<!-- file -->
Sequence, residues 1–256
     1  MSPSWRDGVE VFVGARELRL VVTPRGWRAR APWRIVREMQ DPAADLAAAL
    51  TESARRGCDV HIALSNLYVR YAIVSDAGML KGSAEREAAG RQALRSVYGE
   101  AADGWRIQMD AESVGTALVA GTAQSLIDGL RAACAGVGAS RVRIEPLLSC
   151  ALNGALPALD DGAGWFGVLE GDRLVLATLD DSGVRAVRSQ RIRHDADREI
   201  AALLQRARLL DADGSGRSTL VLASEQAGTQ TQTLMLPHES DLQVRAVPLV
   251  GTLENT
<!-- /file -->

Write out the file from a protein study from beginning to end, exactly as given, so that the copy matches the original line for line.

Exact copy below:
Sequence, residues 1–256
     1  MSPSWRDGVE VFVGARELRL VVTPRGWRAR APWRIVREMQ DPAADLAAAL
    51  TESARRGCDV HIALSNLYVR YAIVSDAGML KGSAEREAAG RQALRSVYGE
   101  AADGWRIQMD AESVGTALVA GTAQSLIDGL RAACAGVGAS RVRIEPLLSC
   151  ALNGALPALD DGAGWFGVLE GDRLVLATLD DSGVRAVRSQ RIRHDADREI
   201  AALLQRARLL DADGSGRSTL VLASEQAGTQ TQTLMLPHES DLQVRAVPLV
   251  GTLENT